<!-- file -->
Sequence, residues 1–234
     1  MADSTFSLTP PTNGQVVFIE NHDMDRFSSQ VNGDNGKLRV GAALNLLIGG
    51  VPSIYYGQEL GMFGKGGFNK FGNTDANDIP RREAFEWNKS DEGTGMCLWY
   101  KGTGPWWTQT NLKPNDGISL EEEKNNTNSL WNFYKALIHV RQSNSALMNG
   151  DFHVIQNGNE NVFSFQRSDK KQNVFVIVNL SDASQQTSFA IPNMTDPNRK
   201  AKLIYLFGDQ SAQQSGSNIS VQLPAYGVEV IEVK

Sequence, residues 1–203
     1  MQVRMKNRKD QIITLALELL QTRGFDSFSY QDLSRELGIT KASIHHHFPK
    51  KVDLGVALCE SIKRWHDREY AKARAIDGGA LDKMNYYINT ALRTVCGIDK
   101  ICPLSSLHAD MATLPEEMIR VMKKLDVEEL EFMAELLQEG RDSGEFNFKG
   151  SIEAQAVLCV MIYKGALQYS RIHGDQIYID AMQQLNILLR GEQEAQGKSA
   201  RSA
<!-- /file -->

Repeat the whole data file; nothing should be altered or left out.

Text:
Sequence, residues 1–234
     1  MADSTFSLTP PTNGQVVFIE NHDMDRFSSQ VNGDNGKLRV GAALNLLIGG
    51  VPSIYYGQEL GMFGKGGFNK FGNTDANDIP RREAFEWNKS DEGTGMCLWY
   101  KGTGPWWTQT NLKPNDGISL EEEKNNTNSL WNFYKALIHV RQSNSALMNG
   151  DFHVIQNGNE NVFSFQRSDK KQNVFVIVNL SDASQQTSFA IPNMTDPNRK
   201  AKLIYLFGDQ SAQQSGSNIS VQLPAYGVEV IEVK

Sequence, residues 1–203
     1  MQVRMKNRKD QIITLALELL QTRGFDSFSY QDLSRELGIT KASIHHHFPK
    51  KVDLGVALCE SIKRWHDREY AKARAIDGGA LDKMNYYINT ALRTVCGIDK
   101  ICPLSSLHAD MATLPEEMIR VMKKLDVEEL EFMAELLQEG RDSGEFNFKG
   151  SIEAQAVLCV MIYKGALQYS RIHGDQIYID AMQQLNILLR GEQEAQGKSA
   201  RSA